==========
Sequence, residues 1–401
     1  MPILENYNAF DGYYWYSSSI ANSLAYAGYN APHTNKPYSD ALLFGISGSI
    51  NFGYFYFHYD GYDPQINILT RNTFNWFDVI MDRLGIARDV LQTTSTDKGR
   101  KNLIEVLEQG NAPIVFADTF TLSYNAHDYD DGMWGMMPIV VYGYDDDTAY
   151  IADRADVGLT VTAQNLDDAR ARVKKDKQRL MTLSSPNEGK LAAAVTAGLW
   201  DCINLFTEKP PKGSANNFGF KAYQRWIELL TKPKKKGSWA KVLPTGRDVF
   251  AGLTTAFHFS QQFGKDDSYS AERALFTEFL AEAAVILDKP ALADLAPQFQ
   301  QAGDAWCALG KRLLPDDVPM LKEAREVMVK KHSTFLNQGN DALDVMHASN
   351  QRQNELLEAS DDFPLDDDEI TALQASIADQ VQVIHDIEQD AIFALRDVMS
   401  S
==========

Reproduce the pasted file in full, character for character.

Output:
Sequence, residues 1–401
     1  MPILENYNAF DGYYWYSSSI ANSLAYAGYN APHTNKPYSD ALLFGISGSI
    51  NFGYFYFHYD GYDPQINILT RNTFNWFDVI MDRLGIARDV LQTTSTDKGR
   101  KNLIEVLEQG NAPIVFADTF TLSYNAHDYD DGMWGMMPIV VYGYDDDTAY
   151  IADRADVGLT VTAQNLDDAR ARVKKDKQRL MTLSSPNEGK LAAAVTAGLW
   201  DCINLFTEKP PKGSANNFGF KAYQRWIELL TKPKKKGSWA KVLPTGRDVF
   251  AGLTTAFHFS QQFGKDDSYS AERALFTEFL AEAAVILDKP ALADLAPQFQ
   301  QAGDAWCALG KRLLPDDVPM LKEAREVMVK KHSTFLNQGN DALDVMHASN
   351  QRQNELLEAS DDFPLDDDEI TALQASIADQ VQVIHDIEQD AIFALRDVMS
   401  S